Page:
Smithsonian National Zoological Park l Friends of the National Zoo



People and the Forests of Chatthin Wildlife Sanctuary in Myanmar

Dry forest loss at Chatthin Wildlife Sanctuary since 1974

Chatthin Wildlife Sanctuary (CWS) in Myanmar (Burma) protects the largest population of the endangered Eld's deer left in the world. It also represents one of the largest remaining patches of dipterocarp forest—a dry forest that is one of the most threatened and least protected forest types globally. Local people rely on these forests for their livelihood. The forests provide wood, food, shelter, and medicine. Restricting people’s access to these forests by declaring them protected is probably not a sustainable solution and will put greater burden on lower income households potentially increasing poverty. However, if people continue to use and abuse forests unregulated they will disappear and with them the Eld’s deer and many other species.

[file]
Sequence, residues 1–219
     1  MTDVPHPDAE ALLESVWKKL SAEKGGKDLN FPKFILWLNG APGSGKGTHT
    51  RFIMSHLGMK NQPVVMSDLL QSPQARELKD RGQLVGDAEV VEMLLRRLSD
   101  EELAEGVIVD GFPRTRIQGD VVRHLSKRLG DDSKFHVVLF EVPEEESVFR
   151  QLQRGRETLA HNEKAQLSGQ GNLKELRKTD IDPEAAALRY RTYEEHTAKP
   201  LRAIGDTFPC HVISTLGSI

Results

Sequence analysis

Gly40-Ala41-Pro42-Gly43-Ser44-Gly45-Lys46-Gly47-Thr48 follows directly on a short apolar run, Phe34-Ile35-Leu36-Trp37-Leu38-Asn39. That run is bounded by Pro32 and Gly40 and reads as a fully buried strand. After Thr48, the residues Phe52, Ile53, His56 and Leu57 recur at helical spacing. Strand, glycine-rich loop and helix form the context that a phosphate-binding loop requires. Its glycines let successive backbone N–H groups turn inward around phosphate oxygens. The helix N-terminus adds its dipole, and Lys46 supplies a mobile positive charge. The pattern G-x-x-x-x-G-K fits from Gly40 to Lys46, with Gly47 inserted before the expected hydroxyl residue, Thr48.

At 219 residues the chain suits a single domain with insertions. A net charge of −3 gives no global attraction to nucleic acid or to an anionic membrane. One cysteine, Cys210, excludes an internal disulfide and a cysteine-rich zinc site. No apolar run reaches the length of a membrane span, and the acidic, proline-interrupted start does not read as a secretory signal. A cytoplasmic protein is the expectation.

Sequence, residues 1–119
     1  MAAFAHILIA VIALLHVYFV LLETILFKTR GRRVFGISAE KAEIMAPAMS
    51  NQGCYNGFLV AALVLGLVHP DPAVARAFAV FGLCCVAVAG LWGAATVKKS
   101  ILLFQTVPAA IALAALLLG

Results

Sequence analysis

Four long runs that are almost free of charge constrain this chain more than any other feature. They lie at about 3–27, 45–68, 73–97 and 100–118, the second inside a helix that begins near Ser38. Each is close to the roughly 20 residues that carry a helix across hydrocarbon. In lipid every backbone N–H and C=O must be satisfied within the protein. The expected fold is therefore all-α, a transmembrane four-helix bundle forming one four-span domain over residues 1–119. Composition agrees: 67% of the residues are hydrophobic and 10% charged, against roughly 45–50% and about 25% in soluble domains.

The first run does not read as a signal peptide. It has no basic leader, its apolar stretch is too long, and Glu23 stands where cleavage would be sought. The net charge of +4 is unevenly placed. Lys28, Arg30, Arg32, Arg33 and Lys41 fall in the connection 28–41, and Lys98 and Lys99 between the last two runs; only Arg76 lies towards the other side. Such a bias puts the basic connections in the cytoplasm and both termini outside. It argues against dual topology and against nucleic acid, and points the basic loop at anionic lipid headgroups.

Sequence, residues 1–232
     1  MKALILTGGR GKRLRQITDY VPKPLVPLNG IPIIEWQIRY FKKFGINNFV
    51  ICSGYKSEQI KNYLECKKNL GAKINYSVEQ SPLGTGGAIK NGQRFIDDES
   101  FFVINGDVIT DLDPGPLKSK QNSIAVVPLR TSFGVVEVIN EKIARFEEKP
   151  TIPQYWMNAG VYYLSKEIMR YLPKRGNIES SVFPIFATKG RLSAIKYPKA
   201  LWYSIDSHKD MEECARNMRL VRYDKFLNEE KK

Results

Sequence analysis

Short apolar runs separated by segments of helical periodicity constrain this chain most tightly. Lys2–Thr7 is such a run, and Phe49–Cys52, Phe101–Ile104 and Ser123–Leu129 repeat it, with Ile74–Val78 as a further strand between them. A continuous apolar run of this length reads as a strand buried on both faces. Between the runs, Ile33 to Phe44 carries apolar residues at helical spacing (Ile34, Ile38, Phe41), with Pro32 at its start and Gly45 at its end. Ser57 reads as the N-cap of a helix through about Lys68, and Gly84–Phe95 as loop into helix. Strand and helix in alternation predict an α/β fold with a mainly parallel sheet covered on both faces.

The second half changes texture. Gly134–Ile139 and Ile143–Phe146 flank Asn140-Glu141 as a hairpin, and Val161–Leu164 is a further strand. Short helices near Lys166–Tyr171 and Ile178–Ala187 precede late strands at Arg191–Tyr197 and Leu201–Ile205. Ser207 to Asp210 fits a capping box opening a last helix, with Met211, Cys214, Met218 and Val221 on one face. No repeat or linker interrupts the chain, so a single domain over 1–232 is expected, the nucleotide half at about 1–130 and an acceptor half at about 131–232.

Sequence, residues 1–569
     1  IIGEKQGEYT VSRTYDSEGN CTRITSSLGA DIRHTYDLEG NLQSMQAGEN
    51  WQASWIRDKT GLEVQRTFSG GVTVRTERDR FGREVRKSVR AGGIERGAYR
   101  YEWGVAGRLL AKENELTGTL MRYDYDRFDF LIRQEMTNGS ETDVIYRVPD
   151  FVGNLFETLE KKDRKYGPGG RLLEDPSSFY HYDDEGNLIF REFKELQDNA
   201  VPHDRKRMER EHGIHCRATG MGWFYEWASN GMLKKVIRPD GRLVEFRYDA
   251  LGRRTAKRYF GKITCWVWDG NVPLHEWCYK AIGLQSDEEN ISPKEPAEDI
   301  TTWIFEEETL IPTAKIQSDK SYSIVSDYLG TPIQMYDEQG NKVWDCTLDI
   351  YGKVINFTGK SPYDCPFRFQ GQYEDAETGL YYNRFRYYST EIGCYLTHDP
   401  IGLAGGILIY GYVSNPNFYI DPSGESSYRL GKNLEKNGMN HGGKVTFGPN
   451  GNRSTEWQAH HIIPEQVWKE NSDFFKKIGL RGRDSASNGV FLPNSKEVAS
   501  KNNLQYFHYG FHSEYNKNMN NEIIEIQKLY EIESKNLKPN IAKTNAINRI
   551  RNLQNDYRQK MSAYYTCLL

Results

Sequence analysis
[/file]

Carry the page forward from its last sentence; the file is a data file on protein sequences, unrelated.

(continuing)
Conservation Strategies
To develop conservation strategies that protect Chatthin Wildlife Sanctuary but allow people to use some resources for their livelihood, we conducted extensive socio-economic and attitude surveys in the surrounding villages. Our surveys of 784 people in 28 villages demonstrate that preventing low-income villagers from using forest products will cause significant hardship. However, fuelwood collection is unsustainable and should be a top priority for developing mitigation strategies. These strategies need to focus on reducing demand for fuelwood by using more efficient stoves and developing alternative fuel sources.